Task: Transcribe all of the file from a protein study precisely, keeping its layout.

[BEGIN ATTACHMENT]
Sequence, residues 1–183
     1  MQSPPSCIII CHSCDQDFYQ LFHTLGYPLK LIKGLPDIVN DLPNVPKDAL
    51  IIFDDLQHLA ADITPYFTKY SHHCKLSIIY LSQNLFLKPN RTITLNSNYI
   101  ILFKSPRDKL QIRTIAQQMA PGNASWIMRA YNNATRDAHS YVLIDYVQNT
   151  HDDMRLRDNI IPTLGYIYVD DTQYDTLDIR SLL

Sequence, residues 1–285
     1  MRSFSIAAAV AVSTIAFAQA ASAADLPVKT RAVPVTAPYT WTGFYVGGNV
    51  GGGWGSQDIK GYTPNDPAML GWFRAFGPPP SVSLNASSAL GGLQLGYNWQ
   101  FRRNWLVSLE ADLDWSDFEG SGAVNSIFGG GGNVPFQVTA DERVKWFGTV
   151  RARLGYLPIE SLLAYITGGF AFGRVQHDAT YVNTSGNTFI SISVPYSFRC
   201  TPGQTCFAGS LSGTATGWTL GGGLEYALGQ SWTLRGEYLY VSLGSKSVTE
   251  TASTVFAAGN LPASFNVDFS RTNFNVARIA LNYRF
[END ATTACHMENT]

Sequence, residues 1–183
     1  MQSPPSCIII CHSCDQDFYQ LFHTLGYPLK LIKGLPDIVN DLPNVPKDAL
    51  IIFDDLQHLA ADITPYFTKY SHHCKLSIIY LSQNLFLKPN RTITLNSNYI
   101  ILFKSPRDKL QIRTIAQQMA PGNASWIMRA YNNATRDAHS YVLIDYVQNT
   151  HDDMRLRDNI IPTLGYIYVD DTQYDTLDIR SLL

Sequence, residues 1–285
     1  MRSFSIAAAV AVSTIAFAQA ASAADLPVKT RAVPVTAPYT WTGFYVGGNV
    51  GGGWGSQDIK GYTPNDPAML GWFRAFGPPP SVSLNASSAL GGLQLGYNWQ
   101  FRRNWLVSLE ADLDWSDFEG SGAVNSIFGG GGNVPFQVTA DERVKWFGTV
   151  RARLGYLPIE SLLAYITGGF AFGRVQHDAT YVNTSGNTFI SISVPYSFRC
   201  TPGQTCFAGS LSGTATGWTL GGGLEYALGQ SWTLRGEYLY VSLGSKSVTE
   251  TASTVFAAGN LPASFNVDFS RTNFNVARIA LNYRF